Barangaroo Ngangamay is an innovative, interactive artwork that gives you the chance to go on an journey of learning and discovery throughout Barangaroo Reserve. Using an app to place you within the context and history of the site, Barangaroo Ngangamay uses geo-locating to reveal intricate stories, songs and rock engravings scattered throughout the Barangaroo Reserve. The Barangaroo Ngangamay app includes five short films, which are unlocked by visiting sandstone artworks handcarved by Aboriginal elders Vic Simms, Steven Russell and Laurie Bimson. Each film shows the resilience and diversity of Barangaroo and the Aboriginal women who used to call the Reserve home. Created by renowned Indigenous multi-media artists Amanda Jane Reynolds and Genevieve Grieves, the work is the result of a collaboration between the pair and local Aboriginal communities and elders, developed to tell ancient and treasured stories of the world’s oldest living culture. The Barangaroo Ngangamay app is available to download for iOS and Android devices.

Help the homeless by eating kingfish poké
Restaurants

Help the homeless by eating kingfish poké

Hawaiian poké is a dish currently sweeping the world and Salmon & Bear seafood eateries in Zetland and Newtown are among the best places in town to eat it.   Poké – basically a delicious raw fish salad – has been a highlight of Salmon & Bear since they opened, with tuna, salmon and sweet prawn varieties designed by chef Mark Jensen (who taught at the Sydney Seafood School for 15 years). Now Salmon & Bear have created a new kingfish poké: diced Hiramasa kingfish in a miso and sesame dressing served on a salad of kale, quinoa, fennel, tomato, sweet potato, carrot, Spanish onion and pepita seeds. To launch this new dish, Salmon & Bear wanted to support the Newtown Neighbourhood Centre’s First Response Program. The program ensures that anybody who is homeless leaves the centre with a pathway towards getting a roof over their heads. The kingfish poké costs $21, and $2 from every one sold will be donated to the First Response Program, until they’ve raised enough money to get 20 people off the streets. You get a tasty meal, plus the warm feeling of having helped someone in need. Nicely played, Salmon & Bear.  

Sculpture at Scenic World
Kids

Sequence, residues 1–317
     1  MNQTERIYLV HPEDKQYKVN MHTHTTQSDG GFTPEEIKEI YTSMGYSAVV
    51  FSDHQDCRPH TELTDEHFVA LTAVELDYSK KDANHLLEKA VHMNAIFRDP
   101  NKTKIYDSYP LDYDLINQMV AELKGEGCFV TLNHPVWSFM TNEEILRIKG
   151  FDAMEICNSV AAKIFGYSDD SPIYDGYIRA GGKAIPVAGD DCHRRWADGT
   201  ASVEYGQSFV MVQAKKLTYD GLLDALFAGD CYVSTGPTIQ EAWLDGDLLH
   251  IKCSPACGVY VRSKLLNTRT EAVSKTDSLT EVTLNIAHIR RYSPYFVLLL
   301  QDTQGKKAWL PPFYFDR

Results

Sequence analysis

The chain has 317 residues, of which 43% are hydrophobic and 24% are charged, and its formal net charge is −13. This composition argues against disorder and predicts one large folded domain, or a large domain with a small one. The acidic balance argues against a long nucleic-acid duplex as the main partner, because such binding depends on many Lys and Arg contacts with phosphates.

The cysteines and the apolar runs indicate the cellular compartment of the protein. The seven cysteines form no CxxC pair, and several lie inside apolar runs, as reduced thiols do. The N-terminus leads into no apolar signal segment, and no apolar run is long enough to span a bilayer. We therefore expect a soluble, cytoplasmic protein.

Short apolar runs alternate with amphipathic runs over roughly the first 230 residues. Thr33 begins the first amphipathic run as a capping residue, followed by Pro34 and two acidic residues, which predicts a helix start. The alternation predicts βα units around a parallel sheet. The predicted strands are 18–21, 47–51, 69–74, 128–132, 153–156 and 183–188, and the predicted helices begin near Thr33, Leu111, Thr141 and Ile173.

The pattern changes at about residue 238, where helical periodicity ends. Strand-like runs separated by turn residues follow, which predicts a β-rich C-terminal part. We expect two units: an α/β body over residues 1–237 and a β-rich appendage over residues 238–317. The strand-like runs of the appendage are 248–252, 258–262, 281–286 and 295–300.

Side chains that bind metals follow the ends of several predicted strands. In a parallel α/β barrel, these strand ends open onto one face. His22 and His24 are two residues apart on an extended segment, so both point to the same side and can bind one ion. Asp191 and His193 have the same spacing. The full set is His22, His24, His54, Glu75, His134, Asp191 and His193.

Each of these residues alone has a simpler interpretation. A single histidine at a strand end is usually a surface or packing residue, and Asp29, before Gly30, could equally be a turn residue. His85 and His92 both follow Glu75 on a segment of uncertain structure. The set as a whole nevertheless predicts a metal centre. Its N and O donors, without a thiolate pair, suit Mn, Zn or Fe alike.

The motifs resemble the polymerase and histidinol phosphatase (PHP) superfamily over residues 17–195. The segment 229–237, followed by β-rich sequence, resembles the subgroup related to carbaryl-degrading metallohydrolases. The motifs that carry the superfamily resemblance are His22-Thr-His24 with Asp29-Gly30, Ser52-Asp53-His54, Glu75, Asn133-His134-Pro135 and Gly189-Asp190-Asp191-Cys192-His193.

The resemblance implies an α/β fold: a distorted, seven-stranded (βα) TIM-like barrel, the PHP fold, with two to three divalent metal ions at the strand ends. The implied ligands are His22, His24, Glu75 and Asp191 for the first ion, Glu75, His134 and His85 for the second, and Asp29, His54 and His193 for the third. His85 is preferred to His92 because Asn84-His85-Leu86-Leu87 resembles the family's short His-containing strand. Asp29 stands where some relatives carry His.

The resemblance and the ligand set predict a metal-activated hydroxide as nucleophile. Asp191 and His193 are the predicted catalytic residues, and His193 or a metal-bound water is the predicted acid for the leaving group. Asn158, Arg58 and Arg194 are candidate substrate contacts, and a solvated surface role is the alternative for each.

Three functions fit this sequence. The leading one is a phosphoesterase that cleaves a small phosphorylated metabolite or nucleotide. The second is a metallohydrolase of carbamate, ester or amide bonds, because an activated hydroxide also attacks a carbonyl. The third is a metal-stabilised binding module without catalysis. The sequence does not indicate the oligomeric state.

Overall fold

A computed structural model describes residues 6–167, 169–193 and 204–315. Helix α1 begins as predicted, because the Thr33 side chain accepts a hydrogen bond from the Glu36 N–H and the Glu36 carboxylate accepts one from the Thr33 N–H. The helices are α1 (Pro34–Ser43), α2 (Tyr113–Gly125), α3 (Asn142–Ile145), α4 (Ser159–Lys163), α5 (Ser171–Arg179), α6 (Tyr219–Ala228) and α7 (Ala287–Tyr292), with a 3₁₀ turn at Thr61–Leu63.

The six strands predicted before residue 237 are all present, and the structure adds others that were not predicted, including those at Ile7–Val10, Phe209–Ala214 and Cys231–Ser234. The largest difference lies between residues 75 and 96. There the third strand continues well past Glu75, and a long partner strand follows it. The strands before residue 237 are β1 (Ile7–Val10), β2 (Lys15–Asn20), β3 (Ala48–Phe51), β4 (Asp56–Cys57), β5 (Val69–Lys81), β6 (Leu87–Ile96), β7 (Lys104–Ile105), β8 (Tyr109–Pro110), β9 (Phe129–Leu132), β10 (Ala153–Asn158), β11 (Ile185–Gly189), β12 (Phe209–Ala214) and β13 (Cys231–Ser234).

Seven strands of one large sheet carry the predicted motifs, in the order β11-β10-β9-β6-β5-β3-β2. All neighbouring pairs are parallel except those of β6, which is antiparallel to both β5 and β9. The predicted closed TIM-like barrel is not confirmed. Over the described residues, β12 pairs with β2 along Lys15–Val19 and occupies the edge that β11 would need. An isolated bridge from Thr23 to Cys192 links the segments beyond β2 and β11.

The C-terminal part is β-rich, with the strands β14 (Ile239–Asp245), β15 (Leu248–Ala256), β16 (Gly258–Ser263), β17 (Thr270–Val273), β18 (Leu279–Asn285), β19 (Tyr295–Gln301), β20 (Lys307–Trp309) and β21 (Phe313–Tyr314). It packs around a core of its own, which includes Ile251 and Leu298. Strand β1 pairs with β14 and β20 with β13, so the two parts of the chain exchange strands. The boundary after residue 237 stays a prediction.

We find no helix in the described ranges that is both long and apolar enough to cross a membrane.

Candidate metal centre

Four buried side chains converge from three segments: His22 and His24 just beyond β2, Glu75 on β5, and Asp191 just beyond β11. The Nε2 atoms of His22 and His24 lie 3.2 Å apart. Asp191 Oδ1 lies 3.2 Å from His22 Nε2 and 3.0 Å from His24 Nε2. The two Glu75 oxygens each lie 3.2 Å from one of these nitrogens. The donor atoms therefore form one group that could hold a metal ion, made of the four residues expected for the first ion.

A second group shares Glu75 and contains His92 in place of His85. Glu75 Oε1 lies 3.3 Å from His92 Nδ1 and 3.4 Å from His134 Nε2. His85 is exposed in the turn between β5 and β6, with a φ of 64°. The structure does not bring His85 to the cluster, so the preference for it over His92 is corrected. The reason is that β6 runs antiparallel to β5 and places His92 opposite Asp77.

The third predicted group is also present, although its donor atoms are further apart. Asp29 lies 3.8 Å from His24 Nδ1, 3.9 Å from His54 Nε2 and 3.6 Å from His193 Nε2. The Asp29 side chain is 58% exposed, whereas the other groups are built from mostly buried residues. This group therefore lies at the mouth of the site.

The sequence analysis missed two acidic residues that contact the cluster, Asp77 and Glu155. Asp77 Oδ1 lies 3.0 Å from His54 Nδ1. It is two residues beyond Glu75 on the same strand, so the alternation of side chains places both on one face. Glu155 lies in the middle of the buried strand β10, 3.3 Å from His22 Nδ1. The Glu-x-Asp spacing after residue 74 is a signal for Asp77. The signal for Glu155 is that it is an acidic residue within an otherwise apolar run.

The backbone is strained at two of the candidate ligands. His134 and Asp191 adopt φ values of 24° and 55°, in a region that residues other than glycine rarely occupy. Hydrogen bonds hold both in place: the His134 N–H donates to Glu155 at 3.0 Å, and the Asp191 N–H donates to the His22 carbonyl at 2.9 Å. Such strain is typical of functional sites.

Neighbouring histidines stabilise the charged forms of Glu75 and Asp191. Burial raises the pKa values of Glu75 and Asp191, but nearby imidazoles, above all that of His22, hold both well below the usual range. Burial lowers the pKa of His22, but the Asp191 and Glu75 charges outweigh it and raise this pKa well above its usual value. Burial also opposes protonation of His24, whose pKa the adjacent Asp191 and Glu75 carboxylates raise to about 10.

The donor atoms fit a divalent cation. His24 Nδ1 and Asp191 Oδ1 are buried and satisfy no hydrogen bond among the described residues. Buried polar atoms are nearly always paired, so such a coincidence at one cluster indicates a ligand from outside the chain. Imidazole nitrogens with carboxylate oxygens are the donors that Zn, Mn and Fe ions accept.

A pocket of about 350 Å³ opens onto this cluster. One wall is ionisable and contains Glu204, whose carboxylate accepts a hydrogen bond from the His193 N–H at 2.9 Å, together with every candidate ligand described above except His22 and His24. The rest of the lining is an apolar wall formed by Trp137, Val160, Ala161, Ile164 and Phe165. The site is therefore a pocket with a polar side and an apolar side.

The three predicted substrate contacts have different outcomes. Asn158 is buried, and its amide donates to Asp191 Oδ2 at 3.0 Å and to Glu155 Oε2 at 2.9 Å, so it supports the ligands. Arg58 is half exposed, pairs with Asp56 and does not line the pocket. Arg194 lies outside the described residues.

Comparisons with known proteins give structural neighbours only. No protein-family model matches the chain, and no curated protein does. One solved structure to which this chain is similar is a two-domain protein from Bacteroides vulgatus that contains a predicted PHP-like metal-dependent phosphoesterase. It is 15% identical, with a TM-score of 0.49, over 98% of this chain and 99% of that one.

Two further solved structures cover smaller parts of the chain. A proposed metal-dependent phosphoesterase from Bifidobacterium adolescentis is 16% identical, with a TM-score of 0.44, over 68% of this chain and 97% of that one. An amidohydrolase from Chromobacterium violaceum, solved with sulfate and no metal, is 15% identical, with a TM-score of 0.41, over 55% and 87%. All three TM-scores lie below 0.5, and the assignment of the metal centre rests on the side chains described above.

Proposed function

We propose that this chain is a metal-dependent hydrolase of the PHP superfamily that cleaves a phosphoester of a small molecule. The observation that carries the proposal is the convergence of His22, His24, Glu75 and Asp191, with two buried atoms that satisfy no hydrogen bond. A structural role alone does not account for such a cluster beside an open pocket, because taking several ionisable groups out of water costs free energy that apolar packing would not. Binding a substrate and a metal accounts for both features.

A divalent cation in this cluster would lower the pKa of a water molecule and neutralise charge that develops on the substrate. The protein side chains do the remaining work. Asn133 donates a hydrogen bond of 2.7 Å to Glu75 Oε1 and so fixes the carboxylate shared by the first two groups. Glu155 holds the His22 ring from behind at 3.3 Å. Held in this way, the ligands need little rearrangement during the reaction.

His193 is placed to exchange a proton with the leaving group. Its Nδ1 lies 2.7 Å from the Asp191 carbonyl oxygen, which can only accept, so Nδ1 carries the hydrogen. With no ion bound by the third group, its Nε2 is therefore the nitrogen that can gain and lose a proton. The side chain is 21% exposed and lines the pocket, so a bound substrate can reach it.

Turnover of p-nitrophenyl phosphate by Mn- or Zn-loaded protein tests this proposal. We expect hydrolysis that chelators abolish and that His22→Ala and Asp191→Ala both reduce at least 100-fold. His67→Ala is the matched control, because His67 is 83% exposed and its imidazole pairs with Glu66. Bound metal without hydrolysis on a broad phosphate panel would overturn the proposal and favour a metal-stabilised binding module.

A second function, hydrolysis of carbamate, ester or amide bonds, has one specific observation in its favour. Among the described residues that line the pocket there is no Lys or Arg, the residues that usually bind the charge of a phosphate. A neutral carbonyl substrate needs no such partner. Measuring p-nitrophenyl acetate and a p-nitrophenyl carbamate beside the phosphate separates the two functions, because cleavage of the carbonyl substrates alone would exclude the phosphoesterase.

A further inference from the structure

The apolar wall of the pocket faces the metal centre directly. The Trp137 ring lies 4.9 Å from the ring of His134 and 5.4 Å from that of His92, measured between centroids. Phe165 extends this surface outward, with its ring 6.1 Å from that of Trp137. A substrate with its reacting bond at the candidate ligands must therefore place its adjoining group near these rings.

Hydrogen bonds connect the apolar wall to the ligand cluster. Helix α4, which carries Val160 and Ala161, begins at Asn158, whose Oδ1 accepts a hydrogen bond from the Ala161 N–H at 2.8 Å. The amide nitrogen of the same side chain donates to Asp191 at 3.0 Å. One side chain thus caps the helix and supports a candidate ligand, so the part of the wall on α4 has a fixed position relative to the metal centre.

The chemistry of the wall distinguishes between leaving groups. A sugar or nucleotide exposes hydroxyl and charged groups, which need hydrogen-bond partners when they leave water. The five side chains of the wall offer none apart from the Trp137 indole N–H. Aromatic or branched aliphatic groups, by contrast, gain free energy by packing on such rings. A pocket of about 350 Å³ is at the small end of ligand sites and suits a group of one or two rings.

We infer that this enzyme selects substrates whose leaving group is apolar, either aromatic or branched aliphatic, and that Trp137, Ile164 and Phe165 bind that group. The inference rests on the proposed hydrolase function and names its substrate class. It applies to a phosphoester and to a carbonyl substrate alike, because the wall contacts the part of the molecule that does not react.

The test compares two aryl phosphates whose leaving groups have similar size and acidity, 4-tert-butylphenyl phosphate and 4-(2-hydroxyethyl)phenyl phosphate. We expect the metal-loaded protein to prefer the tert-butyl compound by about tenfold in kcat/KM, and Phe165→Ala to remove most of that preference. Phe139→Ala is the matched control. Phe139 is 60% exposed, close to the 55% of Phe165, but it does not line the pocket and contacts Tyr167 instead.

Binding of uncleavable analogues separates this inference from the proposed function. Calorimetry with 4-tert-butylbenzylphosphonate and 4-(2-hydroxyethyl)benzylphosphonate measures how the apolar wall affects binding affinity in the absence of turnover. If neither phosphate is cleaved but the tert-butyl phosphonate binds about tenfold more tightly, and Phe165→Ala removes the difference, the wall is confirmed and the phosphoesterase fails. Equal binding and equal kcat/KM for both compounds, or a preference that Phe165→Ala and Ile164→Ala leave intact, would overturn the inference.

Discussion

Sculpture at Scenic World

When art escapes the galleries and gets out into the landscape, magical things can happen. There’s nothing quite like trekking through a Jurassic-era rainforest, rounding a corner and suddenly spying a cloud of red snowballs, a mosaic of mirrors, a convoy of toy trucks, or a squadron of ninja koalas. That’s the appeal of Sculpture at Scenic World – the element of surprise, delight, to have our senses confounded, our minds provoked – and the reason why the event is enjoying a sixth season in 2017. The exhibition, which kicks off on April 7 and goes for just one month, brings another dimension to Scenic World in Katoomba, and makes a visit especially appealing for parents who want to expose their kids to art as well as the great outdoors.   Take the trip down the steepest railway in the world (the Scenic Railway), then make your way along Australia’s longest elevated boardwalk (the Scenic Walkway) to discover the exhibition. Thirty-five local, interstate and international artists have created works specifically to be installed in the rainforest along the Scenic Walkway. As part of this year’s Sculpture at Scenic World, there is a program of workshops for children called Sculpture for Small People that encourages kids to engage with the artists and their works. These are fun, educational workshops on Saturday and Sunday mornings that cost $15, including all materials, in which children can create their own artworks to take home – from ceramics and Easter Eggs to spider web